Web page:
Faux stained glass window

The picture at te start of this post shows my faux stained glass window on the landing of the stairs. In the evenings, the light from the outside shines through the window inside my Miniature House. I love it, always!


Liduina's give away: and the winner is.....


I got far  more reactions on my Give Away than I initially had expected and some commenters even  wrote they liked all paintings and would have difficulty to choose one.
 It is hard for me knowing I can't give all of you a miniature painting. 
Therefore I decided to give away all paintings shown in the
Give Away post of April 4: that is 10 miniature paintings.

This is the list of names I made yesterday evening late. You can compare the sequence with the comments on the post of April 4.

I used the Random Generator to extract a list of 10 winners. This is the draw:

So the winners are:

  1. Fabiola
  2. Fiona
  3. Fiber
  4. Hannah
  5. Giac
  6. Monique
  7. Maria Ireland
  8. Emily Miller Talbott
  9. Genevieve
  10. Norma
The first winner ( Fabiola) will have first choice, the second winner (Fiona) next, etcetera. In the picture beneath I gave the winners a colour on the list, so you can check yourself.

Congratulations to you all! 


Concealing electrical wires


In her post of April the 8th Fiona (a Passion for Minatures) wrote about the wall plugs that appear to come with the coppertape system for creating electric light in a doll's house. I wrote a comment on this post about my coppertape system and how I agreed the rather ugly wall plugs had to be hidden behind tiny objects.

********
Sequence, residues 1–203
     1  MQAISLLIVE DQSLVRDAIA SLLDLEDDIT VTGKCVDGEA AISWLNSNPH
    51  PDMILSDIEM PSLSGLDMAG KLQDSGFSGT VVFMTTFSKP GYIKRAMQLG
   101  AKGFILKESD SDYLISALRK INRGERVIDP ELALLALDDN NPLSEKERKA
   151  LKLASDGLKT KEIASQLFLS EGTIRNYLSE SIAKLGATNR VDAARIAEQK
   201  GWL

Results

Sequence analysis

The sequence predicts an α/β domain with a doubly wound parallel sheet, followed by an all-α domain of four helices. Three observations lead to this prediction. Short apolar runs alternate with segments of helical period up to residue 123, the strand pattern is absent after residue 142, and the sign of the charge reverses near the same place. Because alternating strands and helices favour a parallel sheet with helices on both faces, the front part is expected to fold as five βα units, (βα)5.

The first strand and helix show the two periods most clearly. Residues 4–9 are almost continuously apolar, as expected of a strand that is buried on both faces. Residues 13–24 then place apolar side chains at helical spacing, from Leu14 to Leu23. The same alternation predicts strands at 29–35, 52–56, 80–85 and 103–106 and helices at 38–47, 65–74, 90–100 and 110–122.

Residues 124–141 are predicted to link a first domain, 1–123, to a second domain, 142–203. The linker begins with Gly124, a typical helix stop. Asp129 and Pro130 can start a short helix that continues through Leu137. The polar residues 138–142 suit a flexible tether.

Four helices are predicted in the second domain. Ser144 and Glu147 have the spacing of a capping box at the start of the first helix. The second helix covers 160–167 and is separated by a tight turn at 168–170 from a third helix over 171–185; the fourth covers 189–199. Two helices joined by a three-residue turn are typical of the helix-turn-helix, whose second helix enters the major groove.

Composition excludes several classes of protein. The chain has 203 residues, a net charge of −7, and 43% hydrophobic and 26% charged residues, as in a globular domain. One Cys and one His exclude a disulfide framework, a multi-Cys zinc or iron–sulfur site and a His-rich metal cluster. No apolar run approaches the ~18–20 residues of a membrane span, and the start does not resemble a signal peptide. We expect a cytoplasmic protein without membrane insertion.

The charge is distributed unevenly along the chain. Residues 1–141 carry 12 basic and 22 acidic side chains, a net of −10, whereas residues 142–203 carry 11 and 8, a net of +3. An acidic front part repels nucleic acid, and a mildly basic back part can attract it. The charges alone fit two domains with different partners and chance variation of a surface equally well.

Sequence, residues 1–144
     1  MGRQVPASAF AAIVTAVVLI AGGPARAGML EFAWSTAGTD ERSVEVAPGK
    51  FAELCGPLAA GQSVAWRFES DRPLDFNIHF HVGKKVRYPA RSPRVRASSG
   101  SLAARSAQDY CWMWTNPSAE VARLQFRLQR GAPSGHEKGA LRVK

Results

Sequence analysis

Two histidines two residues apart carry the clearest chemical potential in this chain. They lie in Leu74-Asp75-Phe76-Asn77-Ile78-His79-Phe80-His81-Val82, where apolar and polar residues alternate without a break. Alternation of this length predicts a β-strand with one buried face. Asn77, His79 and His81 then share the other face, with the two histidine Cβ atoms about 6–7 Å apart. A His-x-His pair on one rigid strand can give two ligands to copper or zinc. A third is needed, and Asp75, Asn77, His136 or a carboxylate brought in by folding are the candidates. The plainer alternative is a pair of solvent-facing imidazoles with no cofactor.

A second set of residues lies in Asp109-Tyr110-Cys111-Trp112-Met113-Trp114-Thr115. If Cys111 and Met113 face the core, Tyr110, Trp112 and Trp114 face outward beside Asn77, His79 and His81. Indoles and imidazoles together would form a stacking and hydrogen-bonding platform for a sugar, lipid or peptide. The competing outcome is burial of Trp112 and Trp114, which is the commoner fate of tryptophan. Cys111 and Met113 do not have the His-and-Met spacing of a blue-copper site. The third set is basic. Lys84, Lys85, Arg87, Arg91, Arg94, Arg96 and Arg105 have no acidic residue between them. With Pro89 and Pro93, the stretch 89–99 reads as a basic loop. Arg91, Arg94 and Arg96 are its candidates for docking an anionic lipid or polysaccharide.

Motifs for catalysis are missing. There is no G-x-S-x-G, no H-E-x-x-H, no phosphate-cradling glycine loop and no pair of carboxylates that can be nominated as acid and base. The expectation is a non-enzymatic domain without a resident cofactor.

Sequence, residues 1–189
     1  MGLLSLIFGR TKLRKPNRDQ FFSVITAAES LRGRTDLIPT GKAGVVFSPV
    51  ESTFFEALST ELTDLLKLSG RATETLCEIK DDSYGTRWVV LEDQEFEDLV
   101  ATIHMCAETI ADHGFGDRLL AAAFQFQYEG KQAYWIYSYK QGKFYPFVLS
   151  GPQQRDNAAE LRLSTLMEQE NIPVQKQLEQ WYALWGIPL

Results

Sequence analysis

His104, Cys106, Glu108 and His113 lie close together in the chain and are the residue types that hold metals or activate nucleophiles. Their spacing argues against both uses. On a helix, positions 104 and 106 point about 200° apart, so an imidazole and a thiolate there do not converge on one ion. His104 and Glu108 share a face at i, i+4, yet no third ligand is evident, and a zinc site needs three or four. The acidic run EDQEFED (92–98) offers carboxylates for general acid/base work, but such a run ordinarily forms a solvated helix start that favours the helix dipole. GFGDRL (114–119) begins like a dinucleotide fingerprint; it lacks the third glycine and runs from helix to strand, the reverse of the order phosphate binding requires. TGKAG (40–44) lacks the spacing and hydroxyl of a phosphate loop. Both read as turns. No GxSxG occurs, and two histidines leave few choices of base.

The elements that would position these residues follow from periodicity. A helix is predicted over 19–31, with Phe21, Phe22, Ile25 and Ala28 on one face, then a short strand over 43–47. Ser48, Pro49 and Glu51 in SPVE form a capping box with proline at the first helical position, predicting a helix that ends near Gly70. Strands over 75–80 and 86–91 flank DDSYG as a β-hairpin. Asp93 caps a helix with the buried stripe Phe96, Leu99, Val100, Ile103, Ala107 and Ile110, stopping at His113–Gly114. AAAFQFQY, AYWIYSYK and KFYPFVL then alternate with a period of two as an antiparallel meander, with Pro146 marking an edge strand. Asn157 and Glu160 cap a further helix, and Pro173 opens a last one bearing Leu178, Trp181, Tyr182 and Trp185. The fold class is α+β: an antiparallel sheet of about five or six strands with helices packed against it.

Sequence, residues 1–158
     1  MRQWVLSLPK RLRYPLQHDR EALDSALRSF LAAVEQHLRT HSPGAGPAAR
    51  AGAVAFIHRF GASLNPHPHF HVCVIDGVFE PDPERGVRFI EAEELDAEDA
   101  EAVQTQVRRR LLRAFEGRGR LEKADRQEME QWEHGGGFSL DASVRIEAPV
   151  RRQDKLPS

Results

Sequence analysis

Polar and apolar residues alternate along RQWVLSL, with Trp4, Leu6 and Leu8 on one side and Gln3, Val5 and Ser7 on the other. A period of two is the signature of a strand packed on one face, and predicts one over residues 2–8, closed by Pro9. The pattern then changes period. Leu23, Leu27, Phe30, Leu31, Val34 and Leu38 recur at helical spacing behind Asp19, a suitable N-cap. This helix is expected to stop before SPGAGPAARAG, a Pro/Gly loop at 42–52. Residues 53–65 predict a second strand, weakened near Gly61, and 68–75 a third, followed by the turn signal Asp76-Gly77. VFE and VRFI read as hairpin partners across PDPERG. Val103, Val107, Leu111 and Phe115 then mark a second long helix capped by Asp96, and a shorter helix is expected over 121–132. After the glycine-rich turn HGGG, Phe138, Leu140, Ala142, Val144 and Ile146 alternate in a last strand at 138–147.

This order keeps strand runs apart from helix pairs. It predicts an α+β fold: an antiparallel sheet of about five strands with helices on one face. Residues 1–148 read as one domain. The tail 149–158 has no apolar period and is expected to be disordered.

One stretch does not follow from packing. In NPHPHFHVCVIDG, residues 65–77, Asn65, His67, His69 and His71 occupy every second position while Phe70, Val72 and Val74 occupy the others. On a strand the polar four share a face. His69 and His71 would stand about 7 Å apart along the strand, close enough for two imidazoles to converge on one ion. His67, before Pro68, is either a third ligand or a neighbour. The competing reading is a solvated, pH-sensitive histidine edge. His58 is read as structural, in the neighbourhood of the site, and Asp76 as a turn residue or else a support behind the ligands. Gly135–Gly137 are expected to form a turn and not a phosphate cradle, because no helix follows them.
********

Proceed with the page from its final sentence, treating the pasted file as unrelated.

Wondering about this I remembered I initially had started out with a system of wires running under the floors in my Miniature house. But I did not like the bunch of threads hanging outside at the back of my house. 
So when I discovered the coppertape-system  I decided to use that instead, but later  I realised I really disliked the plugs.

Now I have ended up with a combination of both systems trying to have the best of both worlds for my Miniature House. I will show you in this post.

The advantage of the coppertape system is that you can hide it under the wallpaper and and with aid of a special Cir-Kit device, you  can plug lamps directly into the ceiling. Replacing the lamp is very easy in this way.

However  the drawback of the coppertape system is you need to make plugs in the walls. The electricity plugs are far too big and obvious. I try to hide them with some furniture or tiny accessories.

Sometimes, the Cirkit-device shown above can't be used for a ceiling lamp. This was the case with the lamp in my bathroom. I solved this problem by leading the wire up the room above, under the floor to the back of the attic where I had made a kind of fake corner.

The same trick I applied to the kitchen ceiling: the wires of the kitchen lamp end beneath the bath tub.  If you look well, you can still see the grooves I made initially for the wiresystem; in the back wall of my house are still tiny holes where I wanted to pull the wires through.  I can still do it if I choose to....